A love of running

Sen. McKell loves running. For proof, look no further than his X (formerly Twitter) profile. Among his descriptors, he lists “marathon runner” only after Utah State Senator and a few spots ahead of “father” and “husband.” Then he takes it a step further, posting both his marathon personal-record time and the corresponding average minutes per mile.

So it shouldn’t come as a surprise that a few years ago the senator sought out Ward, not far removed from his sixth-place finish at the Rio de Janeiro Olympics in 2016, to coach him. Nor does it seem out of character for him to suggest REP ask the legislature to help fund their effort to keep runners in the state.

“We do have a cluster of super-athletes in the state of Utah,” McKell said when introducing Wood and Ward during a 2022 senate appropriations committee hearing, “that is more evident with our distance runners than with any other sport, I think, in the state.”

(Rick Egan | The Salt Lake Tribune) Resolution sponsor, Sen. Mike McKell discusses SR1, during the Senate Business and Labor Committee meeting, which will limit media access to the Senate floor and committee rooms, at the Capitol, on Wednesday, Feb. 9, 2022.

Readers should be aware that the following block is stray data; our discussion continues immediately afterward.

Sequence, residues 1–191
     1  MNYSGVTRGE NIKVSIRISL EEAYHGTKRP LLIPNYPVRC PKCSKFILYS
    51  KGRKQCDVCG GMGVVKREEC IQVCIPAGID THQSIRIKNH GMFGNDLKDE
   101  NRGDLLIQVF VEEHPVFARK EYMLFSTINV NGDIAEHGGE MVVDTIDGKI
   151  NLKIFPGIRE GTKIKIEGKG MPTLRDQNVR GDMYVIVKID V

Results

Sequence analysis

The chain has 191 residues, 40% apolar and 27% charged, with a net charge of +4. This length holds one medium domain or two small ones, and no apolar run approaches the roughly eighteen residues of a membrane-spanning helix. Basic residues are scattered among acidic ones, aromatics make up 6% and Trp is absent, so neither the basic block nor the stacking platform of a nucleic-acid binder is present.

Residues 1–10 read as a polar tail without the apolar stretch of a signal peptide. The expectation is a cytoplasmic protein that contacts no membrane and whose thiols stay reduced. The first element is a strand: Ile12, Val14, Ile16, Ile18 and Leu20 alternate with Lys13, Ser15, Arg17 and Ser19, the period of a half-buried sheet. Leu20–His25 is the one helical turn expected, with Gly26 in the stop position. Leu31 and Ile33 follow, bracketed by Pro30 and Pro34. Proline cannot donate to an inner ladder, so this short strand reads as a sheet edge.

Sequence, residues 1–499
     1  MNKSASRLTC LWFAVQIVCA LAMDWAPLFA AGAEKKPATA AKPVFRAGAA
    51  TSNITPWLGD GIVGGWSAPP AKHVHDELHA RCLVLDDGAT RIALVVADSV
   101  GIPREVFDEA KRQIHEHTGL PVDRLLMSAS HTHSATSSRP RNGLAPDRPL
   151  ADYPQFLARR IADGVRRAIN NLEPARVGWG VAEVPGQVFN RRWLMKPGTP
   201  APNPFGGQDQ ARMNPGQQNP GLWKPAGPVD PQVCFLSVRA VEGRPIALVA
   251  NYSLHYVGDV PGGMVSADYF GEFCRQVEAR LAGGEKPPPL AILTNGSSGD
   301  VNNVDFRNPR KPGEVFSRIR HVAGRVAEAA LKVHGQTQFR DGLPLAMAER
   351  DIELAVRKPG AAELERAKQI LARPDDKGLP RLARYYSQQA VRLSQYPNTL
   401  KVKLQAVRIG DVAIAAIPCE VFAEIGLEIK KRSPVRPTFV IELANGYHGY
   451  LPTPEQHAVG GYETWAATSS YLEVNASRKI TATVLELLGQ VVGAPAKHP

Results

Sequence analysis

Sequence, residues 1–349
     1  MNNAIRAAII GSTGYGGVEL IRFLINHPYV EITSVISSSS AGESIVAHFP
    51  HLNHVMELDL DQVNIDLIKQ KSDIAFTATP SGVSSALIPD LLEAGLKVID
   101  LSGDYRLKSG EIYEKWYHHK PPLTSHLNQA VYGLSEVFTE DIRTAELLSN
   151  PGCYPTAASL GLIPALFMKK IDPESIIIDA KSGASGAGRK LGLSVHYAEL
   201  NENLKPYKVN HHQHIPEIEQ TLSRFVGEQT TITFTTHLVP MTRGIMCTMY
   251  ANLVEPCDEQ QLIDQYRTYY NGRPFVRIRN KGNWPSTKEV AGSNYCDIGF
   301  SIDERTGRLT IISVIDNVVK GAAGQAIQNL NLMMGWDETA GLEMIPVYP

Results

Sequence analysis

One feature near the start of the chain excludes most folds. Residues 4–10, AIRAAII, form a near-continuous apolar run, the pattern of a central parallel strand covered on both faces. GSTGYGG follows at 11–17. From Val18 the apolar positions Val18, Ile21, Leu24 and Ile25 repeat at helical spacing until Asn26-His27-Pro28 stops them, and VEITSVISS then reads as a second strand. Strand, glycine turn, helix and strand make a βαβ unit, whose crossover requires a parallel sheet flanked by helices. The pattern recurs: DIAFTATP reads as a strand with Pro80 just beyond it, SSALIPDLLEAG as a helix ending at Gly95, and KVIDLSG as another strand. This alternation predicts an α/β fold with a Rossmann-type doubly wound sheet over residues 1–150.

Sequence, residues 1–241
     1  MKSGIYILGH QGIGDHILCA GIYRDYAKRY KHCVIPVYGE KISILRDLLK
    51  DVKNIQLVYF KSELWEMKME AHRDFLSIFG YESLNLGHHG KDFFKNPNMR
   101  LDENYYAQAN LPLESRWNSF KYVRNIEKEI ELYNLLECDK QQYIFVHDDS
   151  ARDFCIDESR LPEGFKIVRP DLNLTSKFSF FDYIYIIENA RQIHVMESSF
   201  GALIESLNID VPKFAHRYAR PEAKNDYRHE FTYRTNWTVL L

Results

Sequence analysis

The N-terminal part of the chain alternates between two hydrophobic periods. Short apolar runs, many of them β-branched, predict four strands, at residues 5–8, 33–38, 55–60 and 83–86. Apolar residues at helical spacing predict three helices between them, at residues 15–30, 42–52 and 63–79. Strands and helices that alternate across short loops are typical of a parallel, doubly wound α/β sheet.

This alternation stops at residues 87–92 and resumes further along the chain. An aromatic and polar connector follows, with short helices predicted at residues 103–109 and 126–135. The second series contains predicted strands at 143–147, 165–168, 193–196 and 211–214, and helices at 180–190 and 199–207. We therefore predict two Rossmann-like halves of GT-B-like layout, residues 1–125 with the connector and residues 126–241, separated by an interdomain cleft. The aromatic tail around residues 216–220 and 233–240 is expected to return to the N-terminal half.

REP initially requested a one-time infusion of $450,000 plus $150,000 annually. The legislature voted not to give them the one-time sum. Instead, it granted them $166,000 each year, making REP the first and only state-funded pro running team.

The money comes with strings, however. REP is a 501(c)(3) nonprofit and in addition to keeping elite runners in the state, it is charged with promoting healthy lifestyles. To fulfill that role, elite athletes must participate in school appearances and community runs.

Young said he initially didn’t like the idea of tapping his neighbors to pay his grocery bills.

“I was really hesitant about it and I didn’t really like it because of the fact that it’s raising taxpayers’ dollars for me to run. That just seems silly, right?” Young said. “But I will say something that has been incredibly satisfying and I think really has made a difference is Conner and I have spoken to probably eight high schools [this year] alone and probably two or three events on top of that. Talk about inspiring the next generation to lead a fulfilling, hardworking, dedicated lifestyle.

“I feel like it has been worth it,” he added, “the support we’ve received from the state of Utah.”

Some would consider two Olympic berths a pretty good return on investment. Those within the program say that’s just the beginning.

“Anytime the state gives anyone money, there’s going to be other sides of that,” Wood said. “But I don’t see anyone having too much of an issue with it now, knowing that this [tax money] went to go support these two athletes who have lived the Olympic dream and represent not only America but our state right now.

“And there’s more coming. I think we’ve got more [Olympic qualifiers] coming. This isn’t it. Conner and Clayton are just the first two of hopefully several more.”